In a move that some will consider to be long overdue, Skype has announced that its service can now be accessed on selected televisions. Earlier this year, the leader in internet communications teamed up with manufacturers Panasonic, Samsung and LG to deliver living room-to-living room contact through means of a compatible HD webcam.
Using the TV to make calls should be just as easy (but likely more embarrassing) as what we’re used to, especially considering that the standard features will also be carried over to the new service.
This collaboration will undoubtedly take Skype to another platform and into the technological heart of the home, which will ultimately reinvent the role of the television as we know it.
Skype on TV delivers many of the standard features, including free Skype-to-Skype voice and video calls, calls to landline or mobile phones, the option to receive inbound calls via a user’s online Skype number and participation in voice conference calls with up to 24 other parties.
“Skype has made video calling easy, free and accessible. Today, 34% of all Skype-to-Skype calls include video. In addition, the number one reason why Skype users enjoy video calling is because it makes them feel more connected to friends and family,” Skype chief executive officer Josh Silverman says.
“This is very exciting for us. TVs are a logical and natural platform for video communications. They will no longer be just the centre of people’s entertainment experience, but have the potential to be the centre of people’s communications experience.”
The new service will enable consumers to make voice and video calls over Skype on Panasonic’s line of Viera-Cast HDTVs and Samsung LED 7000 and 8000 series models of HDTVs.
In order to conduct a Skype video call, a webcam which is sold as a separate accessory, is simply plugged into the television. The camera includes a special microphone system that can easily pick up sound from couch-distance and it will also deliver up to 720p high definition video quality, depending on the consumer’s internet bandwidth.
Panasonic Viera group marketing manager Matt Pearce says the camera was specifically developed to work with the TV and maximise the performance of the Skype service in a typical living room.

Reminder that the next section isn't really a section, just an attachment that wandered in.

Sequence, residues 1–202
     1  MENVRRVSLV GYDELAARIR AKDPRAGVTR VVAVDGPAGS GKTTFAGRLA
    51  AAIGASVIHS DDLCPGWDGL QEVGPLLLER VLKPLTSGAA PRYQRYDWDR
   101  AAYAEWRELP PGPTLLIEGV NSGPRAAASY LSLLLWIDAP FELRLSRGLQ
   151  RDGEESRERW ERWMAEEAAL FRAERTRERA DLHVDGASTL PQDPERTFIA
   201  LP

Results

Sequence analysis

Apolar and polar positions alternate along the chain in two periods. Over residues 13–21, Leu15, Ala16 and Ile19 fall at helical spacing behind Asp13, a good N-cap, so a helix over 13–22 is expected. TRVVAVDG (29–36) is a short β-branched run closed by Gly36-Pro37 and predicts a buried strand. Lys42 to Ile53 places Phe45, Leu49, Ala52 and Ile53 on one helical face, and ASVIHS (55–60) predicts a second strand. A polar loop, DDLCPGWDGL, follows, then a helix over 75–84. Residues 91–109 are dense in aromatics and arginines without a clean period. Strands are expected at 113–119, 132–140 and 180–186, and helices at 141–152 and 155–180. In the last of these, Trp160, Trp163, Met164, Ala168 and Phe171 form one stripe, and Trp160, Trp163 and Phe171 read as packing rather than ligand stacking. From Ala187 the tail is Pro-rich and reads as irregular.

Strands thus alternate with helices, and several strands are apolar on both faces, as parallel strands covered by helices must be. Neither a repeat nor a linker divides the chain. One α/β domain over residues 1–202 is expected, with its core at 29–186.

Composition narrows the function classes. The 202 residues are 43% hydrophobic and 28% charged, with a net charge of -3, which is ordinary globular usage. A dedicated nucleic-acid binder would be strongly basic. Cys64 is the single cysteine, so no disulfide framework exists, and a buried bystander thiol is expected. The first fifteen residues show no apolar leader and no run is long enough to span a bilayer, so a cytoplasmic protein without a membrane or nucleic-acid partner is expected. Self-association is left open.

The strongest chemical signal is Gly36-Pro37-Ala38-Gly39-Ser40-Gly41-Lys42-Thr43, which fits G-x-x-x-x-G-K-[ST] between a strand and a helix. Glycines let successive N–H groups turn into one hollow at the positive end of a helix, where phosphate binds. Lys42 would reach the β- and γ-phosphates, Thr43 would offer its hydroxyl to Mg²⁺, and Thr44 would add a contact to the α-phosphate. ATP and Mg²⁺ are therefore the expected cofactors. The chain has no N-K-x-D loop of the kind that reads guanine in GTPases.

“The camera itself has four built-in microphones that can pick up people’s voices accurately and the camera has been specially designed with a wide field of vision so we can get all of your friends and family in the room in one go,” he says.
“The service itself essentially replicates the traditional Skype service that you would be familiar with – it’s very simple, quick and easy. If you’re watching normal TV and the phone rings, a notification comes up on the screen so you can answer it.”
According to Matt, custom installers should make the most of this new feature by ensuring a wired connection to the TV is available, as well as a solid internet connection. In turn, these two factors will combine to give the best user experience.
“The camera itself plugs into one of the USB ports, so there aren’t any special requirements necessary for the installation of a Skype-compatible TV. I think the key point here is that the TV is no longer that passive living room device that is suited to impressing home theatres. This new service changes that dedicated room,” he says.
“With Skype, the TV turns into engaging content, so you can make your own content with the aid of friends and family. That in turn changes the viewer’s mindset, including how you position the products and how people use the technology. I think it really brings the TV back into the living room, in a more inviting way than perhaps we have seen before.”